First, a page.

Perception and intelligence emanate from the actors and the director. As has been his style since Period of Adjustment, through such fine films as The World of Henry Orient and Slaughterhouse-Five, Hill has filled his stage with equally fine performers in supporting roles. Eileen Brennan, the original Little Mary Sunshine, comes into her own at long last in a beautifully low-keyed performance as the madam who is Newman’s lady. Jack Kehoe, as Redford’s Joliet pal, Robert Earl Jones as his teacher; Harold Gould, Ray Walston, and John Heffernan as top con men; Charles Durning as the crooked cop, and Dana Elcar as an FBI agent are all first-rate. And Dimitra Arliss, as a short-order waitress, makes a middle-of-the-night encounter with Redford an exquisitely romantic and memorable interlude.

For the overall blend, Hill has reached for nostalgia and touched it with the hand of the artist, reaching anachronistically to Scott Joplin’s pre-World War I rags for the tinkle and rhythms that are so amazingly right, filling his background sets with the minutiae of memory, his stage with underemphasized characters and minor moments that parody the gangster movies of the thirties. Credit Henry Bumstead’s art direction, Robert Surtees’s cinematography, Edith Head’s costumes, Marvin Hamlisch’s music adaptation, of course—but it is the ultimate mixture in Hill’s hands that makes the film so completely satisfying. It’s a no-problem movie that has movie stars, a fascinating plot, and a whiz-bang pace to please the mind. It’s a joy to look at and has that rarest of present-day ingredients, Hill’s hallmark—taste. What glisters here is pure movie gold.

New York, December 31, 1973

* * *

by Bernard Drew

What would be more natural than for Paul Newman and Robert Redford, the superstars of the super Butch Cassidy and the Sundance Kid, to team up again, along with its director George Roy Hill, in a slambang ripoff of Chicago gangster movies of the thirties called The Sting. Right?

Wrong, The Sting is not a ripoff at all. As written by David S. Ward, it is a nest of Chinese boxes, wheels within wheels, and a highly convoluted plot of two Chicago con men who hope to fleece a big New York gang lord (Robert Shaw) because he has killed their friend, and who are themselves followed by a vicious Chicago cop on the take, maybe the FBI, and God knows who else, each conning the other. Here and there is a chase, here and there a murder, here and there a twist.

There is a nifty one toward the end, and the final one is good, and genuinely surprising, but it takes too long to get there.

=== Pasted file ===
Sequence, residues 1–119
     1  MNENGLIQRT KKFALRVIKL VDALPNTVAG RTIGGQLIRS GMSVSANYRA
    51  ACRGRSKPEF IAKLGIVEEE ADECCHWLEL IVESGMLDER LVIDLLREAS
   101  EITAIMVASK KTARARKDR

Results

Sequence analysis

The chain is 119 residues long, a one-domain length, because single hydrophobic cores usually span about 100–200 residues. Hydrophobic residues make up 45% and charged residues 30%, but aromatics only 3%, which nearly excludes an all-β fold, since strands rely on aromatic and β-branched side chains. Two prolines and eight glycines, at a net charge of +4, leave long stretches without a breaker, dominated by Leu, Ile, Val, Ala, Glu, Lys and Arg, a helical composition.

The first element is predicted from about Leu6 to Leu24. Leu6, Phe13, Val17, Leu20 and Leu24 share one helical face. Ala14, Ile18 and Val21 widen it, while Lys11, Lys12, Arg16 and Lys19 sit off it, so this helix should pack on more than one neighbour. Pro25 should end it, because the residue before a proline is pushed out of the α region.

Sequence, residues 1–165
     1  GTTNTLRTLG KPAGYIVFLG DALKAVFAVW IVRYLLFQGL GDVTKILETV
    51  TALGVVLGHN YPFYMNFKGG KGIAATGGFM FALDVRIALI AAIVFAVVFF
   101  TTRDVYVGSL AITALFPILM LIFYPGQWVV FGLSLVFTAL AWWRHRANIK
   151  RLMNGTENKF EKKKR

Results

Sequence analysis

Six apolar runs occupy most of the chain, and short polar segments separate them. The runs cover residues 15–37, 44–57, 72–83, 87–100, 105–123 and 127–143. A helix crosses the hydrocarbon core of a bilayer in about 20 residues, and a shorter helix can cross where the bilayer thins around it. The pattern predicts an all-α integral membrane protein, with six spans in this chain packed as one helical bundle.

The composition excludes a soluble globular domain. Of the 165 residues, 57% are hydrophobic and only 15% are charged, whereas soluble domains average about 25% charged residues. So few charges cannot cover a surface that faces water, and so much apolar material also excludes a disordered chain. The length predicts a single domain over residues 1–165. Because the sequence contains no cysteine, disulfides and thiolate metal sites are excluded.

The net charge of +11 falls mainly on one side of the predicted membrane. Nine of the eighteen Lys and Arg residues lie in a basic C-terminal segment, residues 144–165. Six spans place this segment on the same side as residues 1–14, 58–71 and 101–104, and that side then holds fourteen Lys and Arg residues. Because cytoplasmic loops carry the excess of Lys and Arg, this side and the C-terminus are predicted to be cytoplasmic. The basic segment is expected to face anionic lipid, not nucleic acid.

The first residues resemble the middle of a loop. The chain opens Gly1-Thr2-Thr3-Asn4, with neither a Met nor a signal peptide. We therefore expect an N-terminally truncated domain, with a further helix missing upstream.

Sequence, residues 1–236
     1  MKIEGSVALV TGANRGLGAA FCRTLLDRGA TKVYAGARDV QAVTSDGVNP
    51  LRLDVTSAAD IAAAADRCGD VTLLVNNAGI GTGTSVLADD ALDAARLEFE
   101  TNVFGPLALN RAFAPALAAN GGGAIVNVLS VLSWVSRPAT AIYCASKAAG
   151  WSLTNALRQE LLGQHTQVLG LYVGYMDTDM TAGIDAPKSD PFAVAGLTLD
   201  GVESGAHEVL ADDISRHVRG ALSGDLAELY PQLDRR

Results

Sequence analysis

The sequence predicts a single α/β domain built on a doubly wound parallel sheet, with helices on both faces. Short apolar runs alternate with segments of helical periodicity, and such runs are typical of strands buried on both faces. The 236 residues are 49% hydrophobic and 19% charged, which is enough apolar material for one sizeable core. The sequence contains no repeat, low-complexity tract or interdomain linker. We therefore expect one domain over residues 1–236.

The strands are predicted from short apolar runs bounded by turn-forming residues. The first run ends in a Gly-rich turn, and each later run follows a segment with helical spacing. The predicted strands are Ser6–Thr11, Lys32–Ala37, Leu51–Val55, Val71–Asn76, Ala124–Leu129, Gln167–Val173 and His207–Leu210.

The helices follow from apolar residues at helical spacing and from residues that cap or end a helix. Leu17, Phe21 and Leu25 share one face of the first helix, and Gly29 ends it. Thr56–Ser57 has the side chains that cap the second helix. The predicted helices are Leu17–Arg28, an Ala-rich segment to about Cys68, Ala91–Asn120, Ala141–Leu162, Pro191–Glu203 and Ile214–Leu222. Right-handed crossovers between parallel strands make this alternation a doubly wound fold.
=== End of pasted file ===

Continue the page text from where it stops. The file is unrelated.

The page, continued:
It is set in 1936, and there are some amusing Saturday Evening Post type of illustrations which look as if they were drawn by Clarence Buddington Kelland for the opening titles and these are retained throughout the movie along with ricky-tick music on the track. And that is indicative of what is wrong with the film.

What is piquant and even nostalgic used once, becomes precious and cutesy if repeated endlessly, and The Sting, which runs for more than two hours, has no more than three or four good jokes in it and settles the rest of the time for shticks, gimmicks and twists which reach a point of diminishing returns before the movie is half over.

Thus Robert Redford is the innocent young con man who gets into trouble with crooked cop Charles Durning and New York racket boss Shaw, and so he must flee to the hideout—a deserted merry-go-round which doubles as a whorehouse—of older, big-time con man Newman, who is hiding out from the FBI.

On the Twentieth Century Limited, they fleece Shaw in a cleverly arranged poker game, and then set up a phony gambling house there to entice him and finish the job while the cops are knocking at the door.

There is little comedy and fewer thrills in this, much movement but little action. At its best it is stylish and clever; at its worst, interminable.

Redford is his boyish self and don’t we always root for him, as well as Newman, who is moustached and plays Clark Gable playing in San Francisco and Manhattan Melodrama, and Shaw, who has not only a moustache, but a limp and an Irish brogue.

Such other good people as Durning, Eileen Brennan, Harold Gould, Ray Walston and Dana Elcar flit in and out, but a bunch of shticks, even clever ones, do not a 130-minute movie make.

Gannett News Service, December 26, 1973